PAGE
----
Updated: Jul 22, 2019
I was perusing Pinterest one evening last fall, my mind was in a dark fog and I found it hard to concentrate on much of anything. Pinterest seemed like a good diversion. Then I saw the meme, God doesn't give you more than you can handle. This platitude only heightened my anxiety and added to my depression. What was wrong with me, I am a woman of faith, why couldn't I handle this place that I was drowning in.
Christian clichés. They are everywhere. Just go to Facebook, Instagram, Pinterest or a home décor store. You will find easy platitudes to share. But are they always authentic? Are they helpful?
The best kind of girlfriends are real, creating an easy authenticity that opens our hearts and souls to connect at the deepest level. I love that we have social media to reach out and encourage each other. But sometimes are we sharing some clichés that keep us from being authentic? Is it too easy to throw out a platitude and think we have done our part? Our message should be more than pieces and parts of scripture that fit a narrative.
God won’t give us more than we can handle.
I have always struggled with this particular cliché. Does God think some parents can handle the death of a child? Is He ok with a single mother losing her low paying job and wondering if she can feed her kids and worse if they will have a place to stay? Can anyone who has cancer handle it? Will a woman who is clinically depressed handle that dark and empty abyss on her own?
Of course not! When I was on my knees in the dark, weeping from the very depths of my soul, I knew this wasn’t something I could handle on my own. But I learned it was something God could handle.
Nowhere in the bible does it say that God won’t give us more than we can handle, but Jesus did say that His strength is made perfect in our weakness. (2 Corinthians 12:9)
Everything happens for a reason.
When someone you know is hurting from a loss or a diagnosis and you tell them everything happens for a reason, you are basically saying that it is God’s will for them to suffer. Paul says “And we know that in all things God works for the good of those who love him, who have been called according to his purpose.” (Romans 8:28)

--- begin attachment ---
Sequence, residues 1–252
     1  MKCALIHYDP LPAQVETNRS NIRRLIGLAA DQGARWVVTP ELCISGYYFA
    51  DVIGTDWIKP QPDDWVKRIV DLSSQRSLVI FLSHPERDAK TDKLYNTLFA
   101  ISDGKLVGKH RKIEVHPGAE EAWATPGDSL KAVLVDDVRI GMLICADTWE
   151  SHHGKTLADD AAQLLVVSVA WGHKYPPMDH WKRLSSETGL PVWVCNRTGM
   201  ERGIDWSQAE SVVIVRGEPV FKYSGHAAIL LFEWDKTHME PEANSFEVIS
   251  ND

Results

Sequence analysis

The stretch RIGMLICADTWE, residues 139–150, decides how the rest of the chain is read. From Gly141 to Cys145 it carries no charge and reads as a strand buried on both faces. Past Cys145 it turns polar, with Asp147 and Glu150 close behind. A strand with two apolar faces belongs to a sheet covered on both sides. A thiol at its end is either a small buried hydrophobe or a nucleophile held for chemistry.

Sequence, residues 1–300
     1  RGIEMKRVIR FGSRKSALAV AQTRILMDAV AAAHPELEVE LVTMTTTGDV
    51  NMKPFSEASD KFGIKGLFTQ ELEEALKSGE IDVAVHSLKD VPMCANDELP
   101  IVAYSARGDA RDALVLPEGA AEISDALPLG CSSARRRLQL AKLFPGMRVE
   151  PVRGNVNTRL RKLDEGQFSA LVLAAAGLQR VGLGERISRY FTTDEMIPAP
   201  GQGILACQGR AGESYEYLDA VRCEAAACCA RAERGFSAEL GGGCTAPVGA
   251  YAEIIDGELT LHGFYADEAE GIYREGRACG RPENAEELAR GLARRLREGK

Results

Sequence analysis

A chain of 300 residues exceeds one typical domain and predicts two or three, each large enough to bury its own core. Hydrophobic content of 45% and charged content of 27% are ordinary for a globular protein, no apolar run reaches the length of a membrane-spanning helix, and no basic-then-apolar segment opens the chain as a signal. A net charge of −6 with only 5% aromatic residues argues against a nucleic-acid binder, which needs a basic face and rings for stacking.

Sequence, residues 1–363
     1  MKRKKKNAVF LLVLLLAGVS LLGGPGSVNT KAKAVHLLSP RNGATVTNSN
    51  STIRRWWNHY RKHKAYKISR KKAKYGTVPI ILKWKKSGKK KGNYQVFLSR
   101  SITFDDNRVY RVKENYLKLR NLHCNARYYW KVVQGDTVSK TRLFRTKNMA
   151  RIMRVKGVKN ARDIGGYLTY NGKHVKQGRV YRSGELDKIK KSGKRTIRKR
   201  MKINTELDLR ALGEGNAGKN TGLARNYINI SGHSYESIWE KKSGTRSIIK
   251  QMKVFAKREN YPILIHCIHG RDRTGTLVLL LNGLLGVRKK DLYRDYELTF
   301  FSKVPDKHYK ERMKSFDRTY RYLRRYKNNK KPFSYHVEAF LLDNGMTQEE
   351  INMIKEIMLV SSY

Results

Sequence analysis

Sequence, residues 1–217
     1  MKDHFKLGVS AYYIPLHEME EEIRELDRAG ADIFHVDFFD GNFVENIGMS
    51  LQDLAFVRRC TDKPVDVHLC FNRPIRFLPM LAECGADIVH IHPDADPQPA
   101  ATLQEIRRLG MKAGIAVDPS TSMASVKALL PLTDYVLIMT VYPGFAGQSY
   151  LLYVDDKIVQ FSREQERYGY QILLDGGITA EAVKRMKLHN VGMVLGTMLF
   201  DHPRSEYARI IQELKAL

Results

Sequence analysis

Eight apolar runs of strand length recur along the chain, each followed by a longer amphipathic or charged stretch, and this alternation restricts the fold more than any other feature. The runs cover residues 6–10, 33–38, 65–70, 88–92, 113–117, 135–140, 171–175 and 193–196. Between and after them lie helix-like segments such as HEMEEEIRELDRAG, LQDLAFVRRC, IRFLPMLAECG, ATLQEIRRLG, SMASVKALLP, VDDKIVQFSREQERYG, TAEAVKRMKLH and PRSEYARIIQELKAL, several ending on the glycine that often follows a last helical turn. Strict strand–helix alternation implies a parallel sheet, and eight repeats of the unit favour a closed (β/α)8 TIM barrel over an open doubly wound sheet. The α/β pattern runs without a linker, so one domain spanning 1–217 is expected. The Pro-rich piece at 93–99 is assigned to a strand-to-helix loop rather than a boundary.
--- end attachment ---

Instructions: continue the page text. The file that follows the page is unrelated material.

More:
While it’s not God’s perfect will for them to suffer, he can take even the most senseless suffering and use it for the good of those who love Him. This world is broken, and tragedy happens in spite of God’s will not because of it.
We live in a world that wants an easy Christian sentiment to share when someone is hurting. They don’t take long to memorize, they are convenient and idealistic. When we say them to the faithful they may be heard without scrutiny, and are often even true. But are they enough? And when we say them at wrong time or to the wrong person, they can cause a tsunami of emotional damage.
Sometimes we are choosing those passages that fit our narrative of successful living, happy relationships and easy words of encouragement. Those times we are becoming biblically anemic, offering easy, acceptable convenience rather than whole truths that are sometimes difficult and risk worldly condemnation. Then what happens when the new believer has never been told about taking up her cross? Her goals become more about living a good life this side of heaven, because that’s what we want to hear and can relate to. So she may just end up buying into the idea that God won’t give her more than she can handle.
Are we an authentic friend if we don’t talk about what the cost was for us to receive His grace? Are we fulfilling God’s purpose if we don’t have the conversation about being new in Jesus means setting aside things of this world?
“Do not cause anyone to stumble, whether Jews, Greeks or the church of God – even as I try to please everybody. For I am not seeking my own good, but the good of many so that they may be saved.” 1 Corinthians 10:32-33
What happens to this new believer when her house is flooded, or her child gets ill, or her husband leaves her. What does she have to fall back on? Perhaps all the happy platitudes left her to believe that difficult seasons were over when she made her commitment to Jesus. Are we there to show her God’s audacious, relentless love? Is she able to rest in the power of the cross regardless of her circumstances?
In his book, the Way of the Master, Ray Comfort uses the analogy of the cure for cancer. If you had the cure for cancer and someone you loved got cancer, you would share the cure with them. Likewise if we know the way to God’s heart and an eternity with Him, don’t we want to share that with everyone we know? The alternative is devastating.
When we choose a life with Jesus we gain a wonderful freedom. And with that freedom comes responsibility.
“Everything is permissible - but not everything is beneficial. Everything is permissible – but not everything is constructive. None of us should seek our own good, but the good of others.” 1 Corinthians 10:23
Friends, we need to make sure our girlfriends know these truths. They need to know we have their back when the challenges come, big or small. Let’s talk about the cost of the cross, the cost of following Jesus and the audacious, relentless love of God. These are the glue that hold us all together! I challenge you to be the girlfriend God has called you to be, delighting in His story, His grace and His love for you and sharing it with great joy!